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Simon Peloquin did a very interesting breakdown of his lovely 3d weapon asset, inspired by The Order 1886.
Hey, my name is Simon Peloquin, I live in Montreal and I’ve been working as a generalist 3D artist for about 3 years now. I started doing 3D only 4-5 years ago. Before that, I’ve always been a gamer and were always interested in the ”behind the scenes” of game development, but never really committed myself to look seriously into it. Living in Montreal my whole life probably also influenced me in my career decision since I’ve been used to hearing about studios like Ubisoft Montreal or WB Games Montreal for many years. After realizing that the regular college programs weren’t suiting me very well, I decided to sign in for a 3D art course aimed towards video games. Since then, I’ve been passionate about 3D and other types of visual arts.
When I want to start a new personal project, I always try to spend some time looking for some good concepts and good references. Something that I’ve heard a lot when I started 3D and that I still hear very often is that it is very important to start with a strong concept if you want to produce a good 3D asset. More than once, I’ve made the mistake to try to reproduce a not-so-good concept or to simply go with my own ideas. I think that as a junior artist, it’s important to trust more experienced concept, artists/designers, out there.
While searching for some ideas and inspiration on Artstation, I stumbled upon Anton Lavrushkin‘s The Order 1886 fanart concepts. I immediately fell in love with these 2 concepts because they are very detailed and because I personally also am a fan of The Order’s steampunk universe. I remember playing that game about 3 years ago when I got my PlayStation 4 and being flabbergasted by how amazing it looked! I then decided to start by reproducing the grenade concept, which was fairly simple, and then tackle a bigger challenge: The Pneumatic Rifle.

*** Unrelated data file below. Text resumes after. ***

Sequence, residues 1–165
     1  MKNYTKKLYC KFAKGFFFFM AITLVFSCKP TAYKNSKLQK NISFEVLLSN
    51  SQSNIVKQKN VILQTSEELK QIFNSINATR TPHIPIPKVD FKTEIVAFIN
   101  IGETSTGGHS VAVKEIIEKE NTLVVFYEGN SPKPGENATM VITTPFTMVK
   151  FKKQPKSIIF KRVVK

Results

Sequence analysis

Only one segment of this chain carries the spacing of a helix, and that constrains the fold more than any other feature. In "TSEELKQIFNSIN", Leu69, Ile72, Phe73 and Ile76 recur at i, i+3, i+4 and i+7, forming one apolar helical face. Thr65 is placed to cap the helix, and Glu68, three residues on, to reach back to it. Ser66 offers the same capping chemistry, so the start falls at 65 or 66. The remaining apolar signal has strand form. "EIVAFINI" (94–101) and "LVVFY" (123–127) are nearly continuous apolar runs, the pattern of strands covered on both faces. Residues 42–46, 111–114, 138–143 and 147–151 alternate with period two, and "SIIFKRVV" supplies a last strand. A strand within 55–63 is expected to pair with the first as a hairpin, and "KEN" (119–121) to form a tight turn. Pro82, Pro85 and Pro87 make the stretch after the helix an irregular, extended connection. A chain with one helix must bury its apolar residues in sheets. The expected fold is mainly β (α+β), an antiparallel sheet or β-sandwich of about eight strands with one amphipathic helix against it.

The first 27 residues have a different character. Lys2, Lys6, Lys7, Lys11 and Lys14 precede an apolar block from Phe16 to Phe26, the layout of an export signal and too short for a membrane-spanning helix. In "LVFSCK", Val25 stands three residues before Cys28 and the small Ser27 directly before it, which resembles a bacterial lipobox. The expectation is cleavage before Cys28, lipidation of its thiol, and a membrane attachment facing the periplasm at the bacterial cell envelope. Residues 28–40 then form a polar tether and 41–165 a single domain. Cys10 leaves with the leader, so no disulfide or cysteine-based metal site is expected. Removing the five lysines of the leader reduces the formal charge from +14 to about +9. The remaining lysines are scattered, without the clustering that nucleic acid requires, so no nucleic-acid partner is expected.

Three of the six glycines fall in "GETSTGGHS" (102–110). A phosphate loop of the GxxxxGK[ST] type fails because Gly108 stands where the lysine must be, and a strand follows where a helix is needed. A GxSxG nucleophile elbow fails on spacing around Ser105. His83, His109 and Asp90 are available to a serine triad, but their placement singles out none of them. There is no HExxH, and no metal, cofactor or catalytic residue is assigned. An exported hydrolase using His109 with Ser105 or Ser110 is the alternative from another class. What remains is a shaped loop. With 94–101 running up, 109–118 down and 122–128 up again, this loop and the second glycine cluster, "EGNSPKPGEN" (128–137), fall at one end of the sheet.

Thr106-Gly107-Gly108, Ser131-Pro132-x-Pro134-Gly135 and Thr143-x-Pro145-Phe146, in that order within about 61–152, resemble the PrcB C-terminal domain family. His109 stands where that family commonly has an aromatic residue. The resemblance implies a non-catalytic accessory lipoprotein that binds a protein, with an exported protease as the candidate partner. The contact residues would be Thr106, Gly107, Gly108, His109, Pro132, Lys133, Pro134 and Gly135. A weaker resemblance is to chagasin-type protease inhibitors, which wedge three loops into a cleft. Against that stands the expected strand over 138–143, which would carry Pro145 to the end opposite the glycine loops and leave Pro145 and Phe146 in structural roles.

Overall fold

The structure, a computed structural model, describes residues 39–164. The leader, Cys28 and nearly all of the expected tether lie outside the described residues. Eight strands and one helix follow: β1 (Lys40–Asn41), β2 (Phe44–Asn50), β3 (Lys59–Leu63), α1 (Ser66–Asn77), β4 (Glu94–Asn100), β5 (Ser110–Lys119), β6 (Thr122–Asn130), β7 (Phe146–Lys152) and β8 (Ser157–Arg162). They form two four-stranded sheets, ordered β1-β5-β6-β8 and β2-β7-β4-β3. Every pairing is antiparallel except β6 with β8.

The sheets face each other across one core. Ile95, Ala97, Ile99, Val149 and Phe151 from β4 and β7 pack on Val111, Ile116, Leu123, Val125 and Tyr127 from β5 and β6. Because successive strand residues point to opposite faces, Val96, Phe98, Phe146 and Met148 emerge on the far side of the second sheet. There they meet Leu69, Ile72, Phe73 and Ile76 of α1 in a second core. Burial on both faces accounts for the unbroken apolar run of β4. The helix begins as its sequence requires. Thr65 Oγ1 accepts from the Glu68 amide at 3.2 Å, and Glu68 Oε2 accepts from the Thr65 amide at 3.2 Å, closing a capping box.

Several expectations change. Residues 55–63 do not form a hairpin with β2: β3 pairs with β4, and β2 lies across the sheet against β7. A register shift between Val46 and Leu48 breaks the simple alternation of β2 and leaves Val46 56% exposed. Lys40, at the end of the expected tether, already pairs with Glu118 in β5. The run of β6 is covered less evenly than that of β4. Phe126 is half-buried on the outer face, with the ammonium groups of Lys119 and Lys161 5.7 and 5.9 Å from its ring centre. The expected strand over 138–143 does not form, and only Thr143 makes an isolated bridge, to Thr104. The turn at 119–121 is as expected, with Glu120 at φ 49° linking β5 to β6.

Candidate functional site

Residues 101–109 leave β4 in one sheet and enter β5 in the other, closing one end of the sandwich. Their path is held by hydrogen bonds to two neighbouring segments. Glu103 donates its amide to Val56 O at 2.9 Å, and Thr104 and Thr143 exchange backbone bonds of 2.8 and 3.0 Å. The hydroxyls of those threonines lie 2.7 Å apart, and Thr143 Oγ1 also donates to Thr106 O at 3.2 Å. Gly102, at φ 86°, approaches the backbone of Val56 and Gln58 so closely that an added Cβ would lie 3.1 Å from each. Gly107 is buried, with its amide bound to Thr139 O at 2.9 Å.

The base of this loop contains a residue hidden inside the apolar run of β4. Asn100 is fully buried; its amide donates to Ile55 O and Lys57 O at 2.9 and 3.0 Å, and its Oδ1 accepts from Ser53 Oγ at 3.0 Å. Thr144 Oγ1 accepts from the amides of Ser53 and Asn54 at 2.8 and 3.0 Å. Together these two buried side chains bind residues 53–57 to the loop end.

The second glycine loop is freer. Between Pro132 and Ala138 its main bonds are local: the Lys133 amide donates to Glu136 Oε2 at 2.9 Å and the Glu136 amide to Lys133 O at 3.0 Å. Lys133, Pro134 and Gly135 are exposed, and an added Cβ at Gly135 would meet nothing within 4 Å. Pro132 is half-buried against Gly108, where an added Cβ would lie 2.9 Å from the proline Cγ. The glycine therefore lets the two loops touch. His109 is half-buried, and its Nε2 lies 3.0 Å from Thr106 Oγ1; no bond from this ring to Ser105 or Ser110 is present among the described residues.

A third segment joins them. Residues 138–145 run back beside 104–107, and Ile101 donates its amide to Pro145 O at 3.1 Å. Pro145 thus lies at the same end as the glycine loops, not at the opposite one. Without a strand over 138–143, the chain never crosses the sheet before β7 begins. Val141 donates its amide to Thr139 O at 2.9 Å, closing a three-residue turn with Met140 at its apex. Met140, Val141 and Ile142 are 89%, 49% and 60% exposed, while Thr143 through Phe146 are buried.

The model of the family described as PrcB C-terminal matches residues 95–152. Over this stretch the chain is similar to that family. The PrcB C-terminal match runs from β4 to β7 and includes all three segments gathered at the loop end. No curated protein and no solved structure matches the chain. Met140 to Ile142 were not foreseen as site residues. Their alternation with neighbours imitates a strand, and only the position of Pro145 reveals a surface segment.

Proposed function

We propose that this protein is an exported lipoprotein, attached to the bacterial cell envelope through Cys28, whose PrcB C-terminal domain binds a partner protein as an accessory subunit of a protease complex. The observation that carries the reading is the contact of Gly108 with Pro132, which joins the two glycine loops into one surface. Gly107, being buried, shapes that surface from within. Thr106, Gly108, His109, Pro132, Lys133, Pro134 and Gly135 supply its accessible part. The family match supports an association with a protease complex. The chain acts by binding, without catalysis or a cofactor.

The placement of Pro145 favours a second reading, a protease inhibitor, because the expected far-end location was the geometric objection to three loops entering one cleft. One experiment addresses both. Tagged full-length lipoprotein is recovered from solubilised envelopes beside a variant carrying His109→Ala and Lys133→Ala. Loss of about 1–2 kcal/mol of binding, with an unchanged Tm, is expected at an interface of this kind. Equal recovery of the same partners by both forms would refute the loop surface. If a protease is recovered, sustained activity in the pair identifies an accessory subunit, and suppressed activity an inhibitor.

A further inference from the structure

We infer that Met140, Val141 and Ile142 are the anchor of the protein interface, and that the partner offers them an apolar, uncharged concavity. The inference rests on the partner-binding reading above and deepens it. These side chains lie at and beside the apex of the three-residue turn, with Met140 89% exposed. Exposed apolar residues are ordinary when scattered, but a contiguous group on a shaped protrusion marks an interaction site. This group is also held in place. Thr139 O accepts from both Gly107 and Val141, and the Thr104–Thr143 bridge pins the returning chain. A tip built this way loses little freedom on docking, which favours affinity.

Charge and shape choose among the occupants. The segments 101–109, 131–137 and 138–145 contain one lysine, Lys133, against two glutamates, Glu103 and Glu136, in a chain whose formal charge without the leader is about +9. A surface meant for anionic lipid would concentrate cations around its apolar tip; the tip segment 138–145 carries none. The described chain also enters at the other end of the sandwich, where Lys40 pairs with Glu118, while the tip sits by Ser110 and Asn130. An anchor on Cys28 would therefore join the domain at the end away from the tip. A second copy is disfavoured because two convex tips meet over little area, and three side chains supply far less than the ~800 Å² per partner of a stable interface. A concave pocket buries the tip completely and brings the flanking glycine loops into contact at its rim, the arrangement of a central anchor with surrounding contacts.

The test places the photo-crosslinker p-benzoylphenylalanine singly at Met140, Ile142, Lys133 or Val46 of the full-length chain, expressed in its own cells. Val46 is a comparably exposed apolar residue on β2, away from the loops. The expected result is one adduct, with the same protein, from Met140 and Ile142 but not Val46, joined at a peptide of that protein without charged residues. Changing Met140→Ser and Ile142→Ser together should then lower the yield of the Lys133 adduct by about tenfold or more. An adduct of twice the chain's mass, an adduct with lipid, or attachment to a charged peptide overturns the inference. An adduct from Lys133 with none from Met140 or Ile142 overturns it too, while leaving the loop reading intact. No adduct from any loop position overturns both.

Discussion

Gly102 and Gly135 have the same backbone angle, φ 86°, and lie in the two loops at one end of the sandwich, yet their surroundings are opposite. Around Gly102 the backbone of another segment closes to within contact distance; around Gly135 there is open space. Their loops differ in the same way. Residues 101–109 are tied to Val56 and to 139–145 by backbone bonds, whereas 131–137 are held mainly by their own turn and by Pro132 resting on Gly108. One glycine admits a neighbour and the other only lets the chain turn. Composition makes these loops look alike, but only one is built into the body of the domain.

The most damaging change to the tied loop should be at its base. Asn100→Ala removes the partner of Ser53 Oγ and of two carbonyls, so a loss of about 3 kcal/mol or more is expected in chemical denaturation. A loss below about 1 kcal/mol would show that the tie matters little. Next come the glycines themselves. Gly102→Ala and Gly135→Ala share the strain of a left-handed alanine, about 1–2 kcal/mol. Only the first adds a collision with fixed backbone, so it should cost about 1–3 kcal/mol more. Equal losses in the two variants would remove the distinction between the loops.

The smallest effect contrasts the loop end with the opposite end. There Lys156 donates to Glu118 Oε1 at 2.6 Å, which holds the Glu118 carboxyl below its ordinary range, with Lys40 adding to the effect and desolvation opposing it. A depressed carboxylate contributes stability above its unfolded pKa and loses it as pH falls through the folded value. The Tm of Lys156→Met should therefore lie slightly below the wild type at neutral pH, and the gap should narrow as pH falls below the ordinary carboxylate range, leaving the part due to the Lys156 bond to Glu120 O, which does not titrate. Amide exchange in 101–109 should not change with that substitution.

The first steps when starting a new project should always be to look for some references. I personally am not an expert of guns or rifles in general, so I had to search for a lot of different types of weapons and try to understand what inspired the concept artist to adopt a real rifle to the Steampunk universe. I also like to find some 3D refs to see how other artists adapted real models to 3D art.
When I’m ready to start modeling, I bring my orthographic concept in 3ds Max and start by blocking out the rifle. Obviously, since the orthographic concept I was working on was pretty detailed, it was somewhat easy to get a decent blockout quickly, but the bigger challenge was to understand the different thickness of the different parts since I didn’t have any top-view concept. I started by guessing approximately how I thought the pieces should fit together, but eventually had to come back and make some changes when I later realized it wouldn’t work out perfectly. Trying a get a good blockout with proportions as close as possible to the concept will save you a lot of headaches later on!